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That's a tricky and difficult question. So. As I said before, I believe that the whole universe, based on the evidence we have, is very simple, so has a very short description. So did you linger on that, the whole universe? What does that mean? Do you mean at the very basic, fundamental level in order to create the universe?

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Yes. Yeah. So you need a very short program when you run it to get the thing going, you get the thing going and then it will reproduce our universe. There's a problem with noise. We can come back to the later possibly noise a problem or is that a bug or a feature?

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I would say it makes our life as a scientist really, really much harder. I mean, think about without noise. We wouldn't need all of the statistics, but then maybe we wouldn't feel like there's a free will.

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Maybe we need that for the physics, for this is an illusion. That noise can give you free. That's at least in that way it's a future. But also, if you don't have noise, you have Otik phenomena which are effectively like noise. So we can't get away with statistics even then. I mean, think about rolling the dice and forget about quantum mechanics and you know exactly how you you throw it. But I mean, it's still so hard to compute the trajectory that effectively it is best to model it.

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You know, as you know, coming out with a number of this probability, one or six, but from from this set of philosophical conmigo of complexity perspective, if we didn't have noise, then arguably you could describe the whole universe as well as Standard Model plus generativity. I mean, we we don't have a theory of everything yet, but sort of assuming we are close to it or have it, plus the initial conditions, which may hopefully be simple, and then you just run it and then you would reproduce the universe.

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But that's split by noise or by chaotic systems or by initial conditions, which, you know, may be complex. So now if we don't take the whole universe was just a subset, you know, just take planet Earth. Planet Earth cannot be compressed into a couple of equations. This is a hugely complex system. So interesting. So when you look at the wind, like the whole thing may be simple and you just take a small window, then it may become complex.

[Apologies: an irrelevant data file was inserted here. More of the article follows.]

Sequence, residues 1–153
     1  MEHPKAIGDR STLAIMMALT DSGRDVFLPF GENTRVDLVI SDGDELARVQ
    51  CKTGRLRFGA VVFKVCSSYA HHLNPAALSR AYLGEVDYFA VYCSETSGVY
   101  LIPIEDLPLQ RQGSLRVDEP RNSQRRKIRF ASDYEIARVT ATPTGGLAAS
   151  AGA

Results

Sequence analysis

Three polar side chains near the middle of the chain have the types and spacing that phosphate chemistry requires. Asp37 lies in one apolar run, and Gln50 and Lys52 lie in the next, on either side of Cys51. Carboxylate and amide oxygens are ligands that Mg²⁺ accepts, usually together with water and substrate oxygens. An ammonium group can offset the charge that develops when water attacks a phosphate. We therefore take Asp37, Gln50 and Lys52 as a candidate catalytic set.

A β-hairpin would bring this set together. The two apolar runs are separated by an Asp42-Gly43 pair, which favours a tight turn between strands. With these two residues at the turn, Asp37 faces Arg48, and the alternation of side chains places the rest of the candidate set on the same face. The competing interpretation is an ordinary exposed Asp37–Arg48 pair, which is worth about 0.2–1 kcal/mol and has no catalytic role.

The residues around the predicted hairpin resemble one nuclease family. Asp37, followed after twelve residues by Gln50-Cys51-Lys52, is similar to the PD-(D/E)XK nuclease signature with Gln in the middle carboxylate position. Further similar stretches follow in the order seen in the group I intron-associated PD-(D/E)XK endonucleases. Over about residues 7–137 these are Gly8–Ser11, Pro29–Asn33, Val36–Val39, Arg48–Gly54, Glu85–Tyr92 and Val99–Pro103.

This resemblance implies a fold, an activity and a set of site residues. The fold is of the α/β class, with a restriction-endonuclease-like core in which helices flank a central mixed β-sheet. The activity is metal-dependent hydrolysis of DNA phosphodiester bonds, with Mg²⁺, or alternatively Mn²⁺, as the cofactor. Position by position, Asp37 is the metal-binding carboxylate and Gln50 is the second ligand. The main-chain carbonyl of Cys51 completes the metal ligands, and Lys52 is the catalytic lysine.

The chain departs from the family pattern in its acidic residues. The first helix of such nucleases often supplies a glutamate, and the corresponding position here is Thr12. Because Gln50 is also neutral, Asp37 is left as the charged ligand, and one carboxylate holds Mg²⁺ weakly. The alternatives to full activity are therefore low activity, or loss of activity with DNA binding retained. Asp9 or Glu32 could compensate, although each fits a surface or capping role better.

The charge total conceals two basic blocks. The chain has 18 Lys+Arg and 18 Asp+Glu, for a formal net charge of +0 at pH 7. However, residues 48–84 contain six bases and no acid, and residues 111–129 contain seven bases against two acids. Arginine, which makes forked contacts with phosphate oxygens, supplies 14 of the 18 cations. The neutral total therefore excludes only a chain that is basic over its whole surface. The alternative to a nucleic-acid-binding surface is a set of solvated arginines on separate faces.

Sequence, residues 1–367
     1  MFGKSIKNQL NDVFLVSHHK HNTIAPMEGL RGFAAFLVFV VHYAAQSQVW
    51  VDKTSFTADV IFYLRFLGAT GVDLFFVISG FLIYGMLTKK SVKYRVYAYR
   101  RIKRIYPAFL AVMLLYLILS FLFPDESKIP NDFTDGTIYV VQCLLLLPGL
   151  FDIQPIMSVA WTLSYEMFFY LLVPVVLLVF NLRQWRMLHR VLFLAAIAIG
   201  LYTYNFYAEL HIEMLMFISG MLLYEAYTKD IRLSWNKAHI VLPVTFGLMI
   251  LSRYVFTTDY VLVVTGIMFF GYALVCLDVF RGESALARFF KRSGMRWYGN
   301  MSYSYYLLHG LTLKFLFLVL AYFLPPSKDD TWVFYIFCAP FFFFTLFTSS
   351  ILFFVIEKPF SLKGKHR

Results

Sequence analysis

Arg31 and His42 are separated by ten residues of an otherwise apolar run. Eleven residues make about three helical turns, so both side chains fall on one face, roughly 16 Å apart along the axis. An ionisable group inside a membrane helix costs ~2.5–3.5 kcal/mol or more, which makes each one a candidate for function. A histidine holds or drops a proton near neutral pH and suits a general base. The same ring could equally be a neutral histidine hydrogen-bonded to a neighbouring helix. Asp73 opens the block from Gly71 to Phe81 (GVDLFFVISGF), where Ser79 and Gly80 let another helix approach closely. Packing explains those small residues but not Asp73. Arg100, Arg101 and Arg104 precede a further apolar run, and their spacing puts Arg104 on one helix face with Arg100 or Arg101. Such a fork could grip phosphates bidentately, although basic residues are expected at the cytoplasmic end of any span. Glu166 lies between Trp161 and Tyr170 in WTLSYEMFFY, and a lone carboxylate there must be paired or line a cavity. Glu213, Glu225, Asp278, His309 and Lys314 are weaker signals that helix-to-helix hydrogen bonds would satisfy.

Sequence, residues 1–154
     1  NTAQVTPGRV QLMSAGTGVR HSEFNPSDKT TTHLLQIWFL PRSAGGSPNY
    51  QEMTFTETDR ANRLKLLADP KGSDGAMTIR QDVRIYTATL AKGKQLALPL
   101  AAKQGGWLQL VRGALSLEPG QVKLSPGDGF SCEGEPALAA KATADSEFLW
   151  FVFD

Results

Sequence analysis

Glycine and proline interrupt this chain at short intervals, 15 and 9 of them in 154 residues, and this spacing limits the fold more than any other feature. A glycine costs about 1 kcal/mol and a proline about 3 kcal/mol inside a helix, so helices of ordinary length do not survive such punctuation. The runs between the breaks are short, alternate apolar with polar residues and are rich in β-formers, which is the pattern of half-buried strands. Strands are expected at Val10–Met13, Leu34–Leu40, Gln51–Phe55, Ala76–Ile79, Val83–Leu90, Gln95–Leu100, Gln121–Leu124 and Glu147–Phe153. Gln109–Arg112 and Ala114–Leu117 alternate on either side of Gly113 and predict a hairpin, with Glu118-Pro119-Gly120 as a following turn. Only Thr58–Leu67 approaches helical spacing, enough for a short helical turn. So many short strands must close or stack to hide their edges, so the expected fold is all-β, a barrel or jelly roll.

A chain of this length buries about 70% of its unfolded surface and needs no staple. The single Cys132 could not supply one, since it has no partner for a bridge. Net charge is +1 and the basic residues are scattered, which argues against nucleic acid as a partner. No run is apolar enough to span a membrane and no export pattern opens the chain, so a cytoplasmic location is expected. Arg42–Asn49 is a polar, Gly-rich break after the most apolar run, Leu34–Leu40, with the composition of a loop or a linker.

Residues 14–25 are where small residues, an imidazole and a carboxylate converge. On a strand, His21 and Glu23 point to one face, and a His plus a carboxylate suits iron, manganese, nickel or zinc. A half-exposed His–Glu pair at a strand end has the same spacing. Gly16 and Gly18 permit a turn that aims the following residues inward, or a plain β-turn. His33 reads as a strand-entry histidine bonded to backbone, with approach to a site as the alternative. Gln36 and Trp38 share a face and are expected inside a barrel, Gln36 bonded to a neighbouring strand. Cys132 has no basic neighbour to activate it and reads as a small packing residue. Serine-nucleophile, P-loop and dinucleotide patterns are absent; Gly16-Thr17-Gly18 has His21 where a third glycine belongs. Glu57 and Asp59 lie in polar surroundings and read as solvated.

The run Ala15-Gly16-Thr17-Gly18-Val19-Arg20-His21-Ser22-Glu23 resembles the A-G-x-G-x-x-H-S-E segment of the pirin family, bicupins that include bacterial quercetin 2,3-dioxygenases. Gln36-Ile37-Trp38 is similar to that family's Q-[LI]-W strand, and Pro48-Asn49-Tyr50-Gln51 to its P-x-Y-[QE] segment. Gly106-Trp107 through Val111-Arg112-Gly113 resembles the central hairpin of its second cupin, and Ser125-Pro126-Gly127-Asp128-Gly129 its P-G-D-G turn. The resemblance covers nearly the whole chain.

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And that may be counterintuitive, but there's a very nice analogy. The book, the library of all books. So imagine you have a normal library with interesting books and you go there. Great. Lots of information and quite complex. Yeah. So now I create a library which contains all possible books of five hundred pages. So the first book just has Aoba all the pages, the next book and ends with B and so on. I create this library of all books.

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I can write a super short program which creates this library. So this library has all books, has zero information content and you take a subset of this library and suddenly you have a lot of information in there. So that's fascinating.

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I think one of the most beautiful mathematical objects that at least today seems to be under study under talked about is cellular automata. What lessons do you draw from sort of the game of life for cellular time? And we start with the simple rules, just like you're describing with the universe, and somehow complexity emerges.

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Do you feel like you have an intuitive grasp on the behavior, the fascinating behavior of such systems where some, like you said, some chaotic behavior could happen, some complexity could emerge, some it could die out and some very rigid structures? Do you have a sense about automata that somehow transfers maybe to the bigger questions of our universe?

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Is the cell allowed to matter? And especially economists? Game of life is really great because the rules are so simple. You can explain it to every child and even by hand you can simulate a little bit and you see these beautiful patterns emerge and people have proven that it's even Turing complete. You cannot just use a computer to simulate game of life, but you can also use game of life to simulate any computer that is truly amazing. And it's it's the prime example probably to demonstrate that very simple rules can lead to very rich phenomena.